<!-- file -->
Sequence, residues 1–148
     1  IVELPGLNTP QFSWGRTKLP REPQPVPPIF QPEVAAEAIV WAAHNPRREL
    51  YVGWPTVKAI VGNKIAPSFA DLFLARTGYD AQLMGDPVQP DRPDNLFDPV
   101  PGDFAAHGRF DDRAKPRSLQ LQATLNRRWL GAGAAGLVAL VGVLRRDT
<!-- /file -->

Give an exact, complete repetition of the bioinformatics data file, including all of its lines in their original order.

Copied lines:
Sequence, residues 1–148
     1  IVELPGLNTP QFSWGRTKLP REPQPVPPIF QPEVAAEAIV WAAHNPRREL
    51  YVGWPTVKAI VGNKIAPSFA DLFLARTGYD AQLMGDPVQP DRPDNLFDPV
   101  PGDFAAHGRF DDRAKPRSLQ LQATLNRRWL GAGAAGLVAL VGVLRRDT